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Neurophysiology underlying neuroimaging of cortical function

Kovanis, Panagiotis 2014. Neurophysiology underlying neuroimaging of cortical function. PhD Thesis, Cardiff University.
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Abstract

The aim of this study was to shed light on some of the neurophysiological mechanisms behind visual perception and specifically look into feedback processes that may be taking place during visual processing and also inhibition processes of the visual cortex. The oblique effect is a preference of the visual system for cardinal orientations rather than oblique ones. A recent MEG study (Koelewijn, et al. 2011) finds in V1 an initial inverse oblique effect (80 msec from stim onset) which however later (120msec from stimulus onset) showed a trend towards the classical oblique effect and feedback processes here are suggested taking place from the extrastriate cortex. We look into this using fMRI and interestingly we do manage to find an inverse oblique effect, which indicates that the initial MEG “inverse” effect in V1 is detectable with fMRI even though fMRI does not have the temporal resolution of MEG. Unfortunately in this fMRI study the extrastiate region was not localized. In the 3rd experimental chapter (following up on a study by Edden et al.) we look into the relation of behavioural thresholds and gamma activity in the visual cortex. Here we found in the SAM analysis) for the oblique condition, a positive correlation of the oblique main effect in a cortical location in the medial visual cortex (at a frequency range of 30--‐70 Hz) to behavioural thresholds. However here we did not detected an oblique effect when we compared oblique to cardinal condition. In the final experimental chapter we look into the relation between GABA and training effects using however two GABA scanning protocols (with and without macromolecule suppression). Here we find that training effects depend on GABA concentration (as found in unpublished findings by Edden et al.). Additionally here we find negative correlations with behavioural thresholds and GABA however these are strongest for the untrained sessions.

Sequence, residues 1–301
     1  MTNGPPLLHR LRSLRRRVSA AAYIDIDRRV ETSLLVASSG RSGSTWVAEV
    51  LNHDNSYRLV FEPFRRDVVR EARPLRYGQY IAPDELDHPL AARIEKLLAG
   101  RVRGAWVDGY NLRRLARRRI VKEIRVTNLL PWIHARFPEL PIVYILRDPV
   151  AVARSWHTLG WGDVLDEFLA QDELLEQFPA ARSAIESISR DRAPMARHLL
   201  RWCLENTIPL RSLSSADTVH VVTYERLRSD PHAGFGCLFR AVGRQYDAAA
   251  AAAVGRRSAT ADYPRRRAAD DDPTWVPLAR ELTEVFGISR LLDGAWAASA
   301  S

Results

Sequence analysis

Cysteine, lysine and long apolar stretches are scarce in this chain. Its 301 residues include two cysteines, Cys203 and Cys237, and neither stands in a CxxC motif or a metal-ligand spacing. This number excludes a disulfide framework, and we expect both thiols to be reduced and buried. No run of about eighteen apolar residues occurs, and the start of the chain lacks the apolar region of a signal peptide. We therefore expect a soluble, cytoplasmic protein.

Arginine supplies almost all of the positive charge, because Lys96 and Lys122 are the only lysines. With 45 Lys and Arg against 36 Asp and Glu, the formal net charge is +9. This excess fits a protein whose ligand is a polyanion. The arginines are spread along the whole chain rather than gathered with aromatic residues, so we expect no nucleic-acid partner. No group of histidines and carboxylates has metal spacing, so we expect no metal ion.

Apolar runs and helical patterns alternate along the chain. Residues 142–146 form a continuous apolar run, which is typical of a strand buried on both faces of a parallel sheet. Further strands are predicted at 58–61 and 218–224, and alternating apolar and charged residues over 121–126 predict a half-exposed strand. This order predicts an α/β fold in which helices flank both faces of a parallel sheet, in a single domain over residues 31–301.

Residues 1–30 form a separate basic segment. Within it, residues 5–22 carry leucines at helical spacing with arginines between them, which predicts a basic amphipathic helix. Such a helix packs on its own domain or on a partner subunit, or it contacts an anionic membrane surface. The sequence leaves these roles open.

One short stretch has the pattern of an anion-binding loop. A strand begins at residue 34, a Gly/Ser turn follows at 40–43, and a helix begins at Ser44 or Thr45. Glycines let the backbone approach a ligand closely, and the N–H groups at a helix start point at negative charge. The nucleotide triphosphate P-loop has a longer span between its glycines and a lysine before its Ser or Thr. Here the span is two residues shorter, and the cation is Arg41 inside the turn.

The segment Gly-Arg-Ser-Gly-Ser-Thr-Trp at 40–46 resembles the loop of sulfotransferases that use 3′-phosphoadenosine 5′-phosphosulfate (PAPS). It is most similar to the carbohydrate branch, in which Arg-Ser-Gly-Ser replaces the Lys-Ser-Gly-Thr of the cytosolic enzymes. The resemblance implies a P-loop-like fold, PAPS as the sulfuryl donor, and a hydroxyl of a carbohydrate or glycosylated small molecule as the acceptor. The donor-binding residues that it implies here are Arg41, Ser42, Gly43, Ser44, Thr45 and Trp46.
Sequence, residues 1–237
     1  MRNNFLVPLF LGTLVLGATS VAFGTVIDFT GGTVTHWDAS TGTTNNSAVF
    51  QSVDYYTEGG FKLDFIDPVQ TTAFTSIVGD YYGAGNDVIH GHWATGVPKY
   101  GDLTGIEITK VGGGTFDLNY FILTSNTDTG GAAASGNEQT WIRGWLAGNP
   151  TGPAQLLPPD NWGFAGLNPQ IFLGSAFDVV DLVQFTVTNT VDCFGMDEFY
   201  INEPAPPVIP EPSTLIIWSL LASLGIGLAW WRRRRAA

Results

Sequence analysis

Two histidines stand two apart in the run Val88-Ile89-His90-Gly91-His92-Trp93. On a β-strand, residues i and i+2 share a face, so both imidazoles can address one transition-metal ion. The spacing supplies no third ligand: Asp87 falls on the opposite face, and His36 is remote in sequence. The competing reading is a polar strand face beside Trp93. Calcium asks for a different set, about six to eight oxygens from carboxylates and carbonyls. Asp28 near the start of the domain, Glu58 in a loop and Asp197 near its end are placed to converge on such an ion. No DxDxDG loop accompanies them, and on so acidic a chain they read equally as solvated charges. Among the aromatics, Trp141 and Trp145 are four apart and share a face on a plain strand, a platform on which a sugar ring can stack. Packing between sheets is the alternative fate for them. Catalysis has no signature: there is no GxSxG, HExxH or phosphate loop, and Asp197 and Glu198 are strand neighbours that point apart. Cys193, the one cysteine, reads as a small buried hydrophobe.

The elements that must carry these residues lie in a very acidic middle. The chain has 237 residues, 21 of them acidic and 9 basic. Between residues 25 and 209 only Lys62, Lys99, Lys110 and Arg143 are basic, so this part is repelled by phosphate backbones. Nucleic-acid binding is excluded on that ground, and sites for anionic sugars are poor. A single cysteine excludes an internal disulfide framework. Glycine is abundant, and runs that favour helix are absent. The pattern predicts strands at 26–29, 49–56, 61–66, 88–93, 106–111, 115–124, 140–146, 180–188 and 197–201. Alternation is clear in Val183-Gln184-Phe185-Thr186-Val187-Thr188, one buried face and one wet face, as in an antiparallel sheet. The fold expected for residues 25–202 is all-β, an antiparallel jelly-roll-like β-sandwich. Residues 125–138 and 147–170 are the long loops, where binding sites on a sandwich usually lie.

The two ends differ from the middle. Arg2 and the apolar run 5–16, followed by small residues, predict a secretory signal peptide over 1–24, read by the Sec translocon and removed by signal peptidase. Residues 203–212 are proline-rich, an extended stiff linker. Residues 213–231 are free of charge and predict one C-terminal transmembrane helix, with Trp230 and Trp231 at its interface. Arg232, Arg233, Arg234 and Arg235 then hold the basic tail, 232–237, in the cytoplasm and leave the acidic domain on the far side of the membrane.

Item Type: Thesis (PhD)
Status: Unpublished
Schools: Psychology
Subjects: B Philosophy. Psychology. Religion > BF Psychology
Funders: President's Scholarship
Date of First Compliant Deposit: 30 March 2016
Last Modified: 19 Mar 2016 23:57
URI: http://orca-mwe.cf.ac.uk/id/eprint/74565

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